No, you still have to think about them. Keep a cadence in which you're going to update this information.
Best practice: privately-owned competitors
As far as competitors that are privately owned, this was a big challenge when I was working at a startup because all my co-competitors were also private.
What I did was I started to look at their VC firms because a lot of them have to issue annual reports. In their annual reports, they talk about their investments. Then I could dig in a little bit into the strategy of my competitors that were private.
I also went on a lot of developer and user sites, websites, looked at LinkedIn user groups, and tried to listen for complaints, looked at release notes with my product manager, and measured some more qualitative things like the sentiment on Glassdoor, looked at their hiring pages.
If you see they're hiring a lot of developers, for example, with a certain type of skill, it might be a hint that they're trying to build something a certain way. If somebody is hiring for a tonne of cloud-centric developers, and they're on-premise competitors, you know the direction they're going to be going.
Phase 3: Content inventory
As you're building all of this stuff out, it's important to keep a content inventory to understand what you have in existence and what you need to build.
Content needs to cover every step of the buyer’s journey
A major mistake I see a lot of organizations make is they don't have content that spans the entire buyer’s journey.
What I mean by this is, that we have a product sheet that's great for demand Gen, to fill out a form and get that information down off the website, we capture somebody as a lead. But as that person becomes closer to being a customer, we don't have a technical brochure or something that gives a bit more of a deep dive into that content, and what that product actually does.
Those are things you would work with, with your product manager, or someone technical in the organization to build. It's not that you should own all of this content but it's one of those things about understanding where in the buyer’s journey you need to fill in the gaps and determine those gaps.
Plan out content
You should plan out content. In the case of building out something, I used to do this guide for every product release, it was me, development, and our PMs. It was what was new in the release and it was like a 20-page white paper document thing that went into the features and the market benefits and all of this stuff.
Before we even started writing this we treated it like a campaign. We wrote a campaign brief around it:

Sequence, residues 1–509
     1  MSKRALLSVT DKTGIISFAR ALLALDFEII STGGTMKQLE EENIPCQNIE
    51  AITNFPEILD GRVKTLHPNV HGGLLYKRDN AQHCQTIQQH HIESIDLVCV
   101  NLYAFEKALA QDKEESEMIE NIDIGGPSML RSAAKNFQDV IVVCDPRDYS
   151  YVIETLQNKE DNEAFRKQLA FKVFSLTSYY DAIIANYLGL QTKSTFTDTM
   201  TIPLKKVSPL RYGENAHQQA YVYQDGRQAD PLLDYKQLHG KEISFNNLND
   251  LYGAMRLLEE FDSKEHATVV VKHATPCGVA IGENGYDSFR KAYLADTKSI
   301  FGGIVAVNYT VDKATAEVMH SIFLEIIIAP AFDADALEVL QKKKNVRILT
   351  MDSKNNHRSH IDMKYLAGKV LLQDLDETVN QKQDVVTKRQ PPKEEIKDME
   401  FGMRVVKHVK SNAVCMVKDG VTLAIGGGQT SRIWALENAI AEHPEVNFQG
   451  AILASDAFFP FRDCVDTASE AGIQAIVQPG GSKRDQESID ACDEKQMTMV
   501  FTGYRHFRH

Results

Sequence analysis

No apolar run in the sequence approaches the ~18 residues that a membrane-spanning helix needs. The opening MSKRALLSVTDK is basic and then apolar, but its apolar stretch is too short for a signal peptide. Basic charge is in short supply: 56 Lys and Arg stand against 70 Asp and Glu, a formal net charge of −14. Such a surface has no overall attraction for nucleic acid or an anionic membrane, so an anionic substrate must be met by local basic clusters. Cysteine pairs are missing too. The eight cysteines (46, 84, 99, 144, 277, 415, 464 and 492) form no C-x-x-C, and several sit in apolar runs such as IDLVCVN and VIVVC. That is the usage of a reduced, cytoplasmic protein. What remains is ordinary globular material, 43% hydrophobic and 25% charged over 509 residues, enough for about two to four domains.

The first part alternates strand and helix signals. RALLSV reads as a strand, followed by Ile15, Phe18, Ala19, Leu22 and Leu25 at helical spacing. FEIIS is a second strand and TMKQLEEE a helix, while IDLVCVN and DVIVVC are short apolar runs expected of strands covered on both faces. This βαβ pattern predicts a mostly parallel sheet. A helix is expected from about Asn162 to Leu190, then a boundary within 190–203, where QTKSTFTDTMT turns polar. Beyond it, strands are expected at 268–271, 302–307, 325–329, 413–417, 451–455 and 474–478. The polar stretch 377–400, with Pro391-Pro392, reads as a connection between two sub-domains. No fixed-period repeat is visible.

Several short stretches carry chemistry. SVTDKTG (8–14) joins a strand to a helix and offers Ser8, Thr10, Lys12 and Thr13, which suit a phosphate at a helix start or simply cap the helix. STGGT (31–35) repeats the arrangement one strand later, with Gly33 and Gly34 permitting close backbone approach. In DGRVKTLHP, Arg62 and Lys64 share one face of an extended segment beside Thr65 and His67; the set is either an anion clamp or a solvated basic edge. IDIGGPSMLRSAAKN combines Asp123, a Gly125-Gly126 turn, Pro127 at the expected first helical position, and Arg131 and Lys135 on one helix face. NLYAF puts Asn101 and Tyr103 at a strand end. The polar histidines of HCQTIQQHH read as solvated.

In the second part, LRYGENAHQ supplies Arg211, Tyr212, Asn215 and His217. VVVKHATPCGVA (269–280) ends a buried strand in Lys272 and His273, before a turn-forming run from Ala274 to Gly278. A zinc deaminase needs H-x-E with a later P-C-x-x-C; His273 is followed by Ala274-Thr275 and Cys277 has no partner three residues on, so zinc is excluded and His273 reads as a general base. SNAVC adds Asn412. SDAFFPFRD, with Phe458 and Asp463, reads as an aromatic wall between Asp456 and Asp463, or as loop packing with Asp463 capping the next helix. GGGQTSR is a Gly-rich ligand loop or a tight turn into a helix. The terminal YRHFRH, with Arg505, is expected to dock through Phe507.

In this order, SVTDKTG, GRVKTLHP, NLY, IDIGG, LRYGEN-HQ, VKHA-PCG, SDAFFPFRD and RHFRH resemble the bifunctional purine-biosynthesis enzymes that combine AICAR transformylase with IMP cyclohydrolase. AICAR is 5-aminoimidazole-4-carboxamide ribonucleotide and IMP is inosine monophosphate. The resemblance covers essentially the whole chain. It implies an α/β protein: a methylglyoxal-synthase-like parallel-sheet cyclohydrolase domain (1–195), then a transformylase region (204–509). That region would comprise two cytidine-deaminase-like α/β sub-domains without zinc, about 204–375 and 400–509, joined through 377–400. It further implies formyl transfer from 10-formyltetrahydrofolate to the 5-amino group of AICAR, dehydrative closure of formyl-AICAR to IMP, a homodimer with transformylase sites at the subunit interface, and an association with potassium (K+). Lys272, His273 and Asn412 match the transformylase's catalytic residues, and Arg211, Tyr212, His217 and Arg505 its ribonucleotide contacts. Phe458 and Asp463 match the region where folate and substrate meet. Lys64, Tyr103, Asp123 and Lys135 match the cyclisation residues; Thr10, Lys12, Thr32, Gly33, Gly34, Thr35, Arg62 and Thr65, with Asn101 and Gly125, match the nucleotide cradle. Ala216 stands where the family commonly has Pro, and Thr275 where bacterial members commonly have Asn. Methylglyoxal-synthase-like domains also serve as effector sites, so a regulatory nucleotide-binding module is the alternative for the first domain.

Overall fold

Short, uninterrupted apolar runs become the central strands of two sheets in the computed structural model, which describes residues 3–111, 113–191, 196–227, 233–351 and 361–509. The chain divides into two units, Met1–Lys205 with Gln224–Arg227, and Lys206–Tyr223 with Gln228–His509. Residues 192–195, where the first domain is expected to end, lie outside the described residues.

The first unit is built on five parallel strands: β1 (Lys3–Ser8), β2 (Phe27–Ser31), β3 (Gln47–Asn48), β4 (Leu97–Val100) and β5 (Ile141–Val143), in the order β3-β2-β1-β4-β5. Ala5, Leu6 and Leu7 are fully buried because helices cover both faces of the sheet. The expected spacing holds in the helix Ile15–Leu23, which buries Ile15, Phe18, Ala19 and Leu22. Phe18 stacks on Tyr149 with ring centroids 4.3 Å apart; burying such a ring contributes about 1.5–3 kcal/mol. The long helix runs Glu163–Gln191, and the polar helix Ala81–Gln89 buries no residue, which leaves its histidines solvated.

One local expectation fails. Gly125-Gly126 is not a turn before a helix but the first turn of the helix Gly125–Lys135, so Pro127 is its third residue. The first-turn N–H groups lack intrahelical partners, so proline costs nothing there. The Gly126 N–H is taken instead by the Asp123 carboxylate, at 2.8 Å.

- What was the goal?
- Who was going to do what?
- How are we going to handle it?
- What was the layout?
- What was the content structure?
That way, when we started to actually execute it, we had a clear idea of how to handle such a large document.
Also looking at keywords, if you are going to put these things into a repository, think about the keywords you want to associate with those files. Keep that in mind. Or if there are keywords in there already are those the right keywords for your salespeople to find the content they need?
Measure the success of current content
You also have to measure the success of the content. To be honest, the quota attainment and the sales time decrease is a project in itself to understand to measure.
What I do today, because, as a product marketing manager, I'm not necessarily responsible for sales enablement, but I just want to understand what sales decks people are actually using that I'm making, or am I wasting my time making this brochure for you?
Things like that we have our sales enablement content in SharePoint and in SharePoint, I can export a report and see the download usage. Once a month I'll export this report and then look at what the downloads were for different things.
That way I can start to understand which assets are not very popular, then I can talk to my sales leadership and say, "Look, I noticed no one is using this, can you tell me why?"
Best practice: keep a DAM mindset
As you're moving down these phases the end goal - phase five - is you're creating something, an enablement center, or some sort of repository, it's important to keep a DAM mindset.
Remember content needs to be found
Remember that no matter what you build, the content needs to be found. You can't just build this stuff and dump it in one place.
Clear folder structure & naming convention
You need to have a folder structure, you need to have a naming convention, this is particularly important when you have things you're going to give to sales that are internal facing versus external.
You do not want them to send something that's like a buyer persona and you have your pains and your gains, and then they send that off to a customer. That is my worst nightmare ever that somebody sends an internal label document to a customer.